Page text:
Do any thing long enough with any modicum of skill you had to work for and you're going to run into Imposter Syndrome. What is Imposter Syndrome (simply I.S. from now on in this article)? I.S. is the feeling that you are an imposter. It is the crippling doubt that you know you're a fraud and it is just a matter of time before everyone else figures it out. It is caused by, among other things, self-awareness of where you are weak combined with a fixation on those weaknesses to give them more credence than they should have.
I don't know a person who GMs good games that doesn't feel I.S. from time to time. Today I want to talk about that, and how you can try and fight the feelings.
Trust Your Players
This is perhaps the most logical solution, and also the one least likely to work when I.S. rears its ugly head and strikes at your heart. However, you should trust your players. If your players are having fun in your game, if they are being entertained, and if they are showing up every session eager to play more than odds areyou are doing a fine job. Your game doesn't have to be good for everyone, it just has to be fun for the group who is playing it. As such, your players - and you - are the only judges of quality that matters. Embrace that. Take solace in it. Wield it like a club in the dark recesses of your heart to beat I.S. back into its cage.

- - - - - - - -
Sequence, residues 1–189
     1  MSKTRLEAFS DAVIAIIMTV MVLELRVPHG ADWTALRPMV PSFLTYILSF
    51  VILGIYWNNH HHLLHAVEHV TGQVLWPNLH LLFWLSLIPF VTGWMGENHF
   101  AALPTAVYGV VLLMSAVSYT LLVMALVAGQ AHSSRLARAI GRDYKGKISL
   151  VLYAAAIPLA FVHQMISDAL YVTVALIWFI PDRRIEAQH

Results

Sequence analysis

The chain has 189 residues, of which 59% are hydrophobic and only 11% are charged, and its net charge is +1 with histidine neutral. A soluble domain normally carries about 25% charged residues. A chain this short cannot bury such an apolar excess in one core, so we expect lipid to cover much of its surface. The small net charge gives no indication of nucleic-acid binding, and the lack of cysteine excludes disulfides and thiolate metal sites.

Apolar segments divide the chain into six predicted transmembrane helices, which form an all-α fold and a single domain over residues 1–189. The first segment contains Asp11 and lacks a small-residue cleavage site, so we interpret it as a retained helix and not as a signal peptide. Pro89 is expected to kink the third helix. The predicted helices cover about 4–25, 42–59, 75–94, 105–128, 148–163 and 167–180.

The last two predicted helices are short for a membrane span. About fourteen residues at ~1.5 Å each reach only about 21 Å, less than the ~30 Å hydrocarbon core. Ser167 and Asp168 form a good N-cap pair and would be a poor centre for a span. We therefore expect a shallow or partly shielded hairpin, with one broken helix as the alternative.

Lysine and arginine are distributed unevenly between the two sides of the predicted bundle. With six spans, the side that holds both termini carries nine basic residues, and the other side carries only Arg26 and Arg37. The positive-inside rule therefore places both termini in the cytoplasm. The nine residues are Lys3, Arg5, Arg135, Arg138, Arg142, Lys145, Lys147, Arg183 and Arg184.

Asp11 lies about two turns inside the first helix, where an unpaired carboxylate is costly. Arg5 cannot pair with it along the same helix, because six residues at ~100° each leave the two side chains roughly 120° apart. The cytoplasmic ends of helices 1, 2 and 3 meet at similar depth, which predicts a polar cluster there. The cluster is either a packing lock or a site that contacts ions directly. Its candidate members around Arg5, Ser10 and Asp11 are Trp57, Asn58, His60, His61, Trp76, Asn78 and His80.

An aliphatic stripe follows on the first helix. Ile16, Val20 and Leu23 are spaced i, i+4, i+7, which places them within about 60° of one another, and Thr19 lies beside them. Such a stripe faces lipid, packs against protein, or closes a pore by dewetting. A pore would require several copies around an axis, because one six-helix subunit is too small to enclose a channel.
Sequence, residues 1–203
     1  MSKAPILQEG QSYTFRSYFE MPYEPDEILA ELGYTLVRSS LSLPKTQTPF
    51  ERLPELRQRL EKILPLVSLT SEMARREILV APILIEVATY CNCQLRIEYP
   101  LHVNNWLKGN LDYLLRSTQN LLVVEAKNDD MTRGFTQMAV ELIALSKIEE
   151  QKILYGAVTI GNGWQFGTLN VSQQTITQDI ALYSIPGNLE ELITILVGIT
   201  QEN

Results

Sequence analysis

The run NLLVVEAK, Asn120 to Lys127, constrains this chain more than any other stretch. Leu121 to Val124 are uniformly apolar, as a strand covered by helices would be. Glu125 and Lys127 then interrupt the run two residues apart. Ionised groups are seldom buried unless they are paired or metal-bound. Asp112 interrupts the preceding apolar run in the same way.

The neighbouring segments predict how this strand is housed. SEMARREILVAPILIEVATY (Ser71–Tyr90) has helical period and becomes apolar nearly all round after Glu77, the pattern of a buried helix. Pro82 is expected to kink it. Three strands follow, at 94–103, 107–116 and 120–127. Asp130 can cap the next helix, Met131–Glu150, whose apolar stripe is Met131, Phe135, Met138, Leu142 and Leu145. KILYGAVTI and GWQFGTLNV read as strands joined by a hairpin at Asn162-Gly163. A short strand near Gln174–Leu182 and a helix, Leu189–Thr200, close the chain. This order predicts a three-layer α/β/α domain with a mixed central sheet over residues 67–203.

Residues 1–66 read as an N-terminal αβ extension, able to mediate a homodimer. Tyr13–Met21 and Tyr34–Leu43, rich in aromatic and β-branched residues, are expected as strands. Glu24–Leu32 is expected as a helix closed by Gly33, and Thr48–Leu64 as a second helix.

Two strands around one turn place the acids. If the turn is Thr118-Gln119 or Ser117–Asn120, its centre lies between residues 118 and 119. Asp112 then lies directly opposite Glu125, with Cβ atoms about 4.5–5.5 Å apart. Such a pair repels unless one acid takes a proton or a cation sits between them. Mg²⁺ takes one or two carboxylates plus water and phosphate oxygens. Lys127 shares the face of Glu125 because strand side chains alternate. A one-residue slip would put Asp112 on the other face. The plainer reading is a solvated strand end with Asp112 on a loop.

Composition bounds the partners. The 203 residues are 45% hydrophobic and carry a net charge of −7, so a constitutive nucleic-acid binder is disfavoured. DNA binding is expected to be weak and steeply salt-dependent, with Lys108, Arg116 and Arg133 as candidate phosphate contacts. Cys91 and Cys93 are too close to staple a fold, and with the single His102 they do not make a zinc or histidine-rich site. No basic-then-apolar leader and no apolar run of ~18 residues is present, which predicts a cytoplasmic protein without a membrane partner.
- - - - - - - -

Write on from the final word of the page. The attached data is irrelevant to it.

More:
Just Do Your Best
Odds are you aren't GMing as a professional, and that brings with it certain freedoms. Among those freedoms is the fact that no one is going to certify you for being a GM, nor is anyone going to take your books, dice, and GM screen away if you aren't the most amazing GM ever. All you need t do is your best. There isn't a "not good enough" when it comes to GMing, so don't worry about that.
Remember: Bad Games Happen
A bad game is not a reason to beat yourself up. Everyone has bad games. They are a fact of life. Not every game can be better than the one before it, or even as good as the one before it. At some point you will run a game that is disappointing, just like at some point you will run a game that exceeds every expectation you have. Know that bad games happen. Forgive yourself when you have a bad game. Don't carry the weight of it forward, just learn and try to do better next time.
There are other ways to fight I.S. but these are the three most common for me. Ultimately, GMing is about having fun, telling a story, and arbitrating rules. There is no wrong way to do that, just ways that work and don't work for your group. Don't let a bad session ruin your fun. Don't hyper focus on your failings or weak areas, as tempting as that may be. Do your best, and try to have fun. Odds are if you are having fun, your players are too. Embrace it, use it. You got this.